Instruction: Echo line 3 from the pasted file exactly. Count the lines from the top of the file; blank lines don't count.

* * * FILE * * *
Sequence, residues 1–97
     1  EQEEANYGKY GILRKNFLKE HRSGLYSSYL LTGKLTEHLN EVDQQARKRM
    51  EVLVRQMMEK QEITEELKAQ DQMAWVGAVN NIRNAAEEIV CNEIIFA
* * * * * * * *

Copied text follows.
    51  EVLVRQMMEK QEITEELKAQ DQMAWVGAVN NIRNAAEEIV CNEIIFA